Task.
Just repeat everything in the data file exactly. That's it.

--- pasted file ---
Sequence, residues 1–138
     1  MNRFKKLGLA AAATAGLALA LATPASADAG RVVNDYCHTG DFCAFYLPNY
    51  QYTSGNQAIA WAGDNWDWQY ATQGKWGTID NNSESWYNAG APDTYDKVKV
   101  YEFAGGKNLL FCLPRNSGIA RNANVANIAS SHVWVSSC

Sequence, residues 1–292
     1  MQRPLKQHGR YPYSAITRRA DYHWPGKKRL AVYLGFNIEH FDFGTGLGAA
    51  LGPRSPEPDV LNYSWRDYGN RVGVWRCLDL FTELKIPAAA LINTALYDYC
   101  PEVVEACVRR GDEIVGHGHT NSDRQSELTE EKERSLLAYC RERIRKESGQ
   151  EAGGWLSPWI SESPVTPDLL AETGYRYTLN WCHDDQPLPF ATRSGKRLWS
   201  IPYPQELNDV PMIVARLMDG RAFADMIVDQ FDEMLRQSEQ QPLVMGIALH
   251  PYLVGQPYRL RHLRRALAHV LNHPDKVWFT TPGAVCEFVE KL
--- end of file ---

Sequence, residues 1–138
     1  MNRFKKLGLA AAATAGLALA LATPASADAG RVVNDYCHTG DFCAFYLPNY
    51  QYTSGNQAIA WAGDNWDWQY ATQGKWGTID NNSESWYNAG APDTYDKVKV
   101  YEFAGGKNLL FCLPRNSGIA RNANVANIAS SHVWVSSC

Sequence, residues 1–292
     1  MQRPLKQHGR YPYSAITRRA DYHWPGKKRL AVYLGFNIEH FDFGTGLGAA
    51  LGPRSPEPDV LNYSWRDYGN RVGVWRCLDL FTELKIPAAA LINTALYDYC
   101  PEVVEACVRR GDEIVGHGHT NSDRQSELTE EKERSLLAYC RERIRKESGQ
   151  EAGGWLSPWI SESPVTPDLL AETGYRYTLN WCHDDQPLPF ATRSGKRLWS
   201  IPYPQELNDV PMIVARLMDG RAFADMIVDQ FDEMLRQSEQ QPLVMGIALH
   251  PYLVGQPYRL RHLRRALAHV LNHPDKVWFT TPGAVCEFVE KL